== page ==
Friday 22 November 2013

"Not even a bagpipe band?"

This is a fascinating lecture in all sorts of unexpected ways, but the biggest revelation is Lyndon Johnson's surprisingly pathetic and increasingly desperate pleading to Harold Wilson to provide British troops to help the Americans in Vietnam. You even start to wonder if the USA was ever really a superpower at all, but rather a much smaller country that found itself in the invidious historical position of having to imitate one.


William said...

I was talking to a guy in a pub back in the summer, who said he had been in the Royal Marines in '60s and had been stationed off the coast of North Vietnam. I didn't really believe a lot of what he was saying, now maybe I do.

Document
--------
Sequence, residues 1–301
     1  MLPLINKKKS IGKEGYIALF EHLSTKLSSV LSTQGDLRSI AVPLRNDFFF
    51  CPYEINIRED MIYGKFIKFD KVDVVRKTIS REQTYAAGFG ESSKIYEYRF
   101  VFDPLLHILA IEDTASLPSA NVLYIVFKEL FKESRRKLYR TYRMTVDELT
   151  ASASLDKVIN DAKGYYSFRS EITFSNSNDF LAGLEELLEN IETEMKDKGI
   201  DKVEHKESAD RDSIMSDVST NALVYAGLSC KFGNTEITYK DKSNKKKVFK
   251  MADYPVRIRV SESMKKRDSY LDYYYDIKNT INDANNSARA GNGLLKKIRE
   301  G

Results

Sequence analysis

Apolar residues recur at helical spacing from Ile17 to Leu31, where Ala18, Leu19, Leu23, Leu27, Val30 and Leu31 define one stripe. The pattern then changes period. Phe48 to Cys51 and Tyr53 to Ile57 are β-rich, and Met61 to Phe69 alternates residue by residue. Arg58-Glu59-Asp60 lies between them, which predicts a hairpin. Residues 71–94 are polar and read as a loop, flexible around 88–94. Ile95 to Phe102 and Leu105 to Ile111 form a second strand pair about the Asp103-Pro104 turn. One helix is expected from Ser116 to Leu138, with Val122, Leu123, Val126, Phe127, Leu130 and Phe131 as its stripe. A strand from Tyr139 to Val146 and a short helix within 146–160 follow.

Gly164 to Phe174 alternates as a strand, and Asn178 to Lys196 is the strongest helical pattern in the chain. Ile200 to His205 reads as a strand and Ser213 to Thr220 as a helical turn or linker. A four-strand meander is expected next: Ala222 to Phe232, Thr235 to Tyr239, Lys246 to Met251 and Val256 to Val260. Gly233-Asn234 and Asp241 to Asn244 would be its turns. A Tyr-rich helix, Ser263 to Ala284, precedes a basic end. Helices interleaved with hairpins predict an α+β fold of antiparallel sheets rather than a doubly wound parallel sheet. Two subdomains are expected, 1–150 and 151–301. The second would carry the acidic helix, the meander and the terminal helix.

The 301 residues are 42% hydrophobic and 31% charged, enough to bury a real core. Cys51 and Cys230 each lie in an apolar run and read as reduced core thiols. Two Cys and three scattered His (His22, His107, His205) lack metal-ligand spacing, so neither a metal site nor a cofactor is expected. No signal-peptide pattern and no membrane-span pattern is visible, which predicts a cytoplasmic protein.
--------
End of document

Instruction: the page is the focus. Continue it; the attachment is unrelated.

Phil Knight said...

I once talked to a bloke in the pub who had been a Royal Military Policeman during the Kenyan Emergency. He casually told me how he used to gun down Mau-Mau prisoners (this was long before the Elkins book brought this kind of thing to public prominence).

"We used to give 'em a burst of Sten" he said, "they stopped giving us trouble after that."

After this brief confession, he then went into a bitter, seemingly endless rant about a minor charge for leaving his post that he failed to get rescinded. All the way up the chain of command he went in order to be cleared, but no, they weren't going to judge him on his integrity or length of service.

In hindsight, I think this may have been the very moment when I started to realise just how strange people are.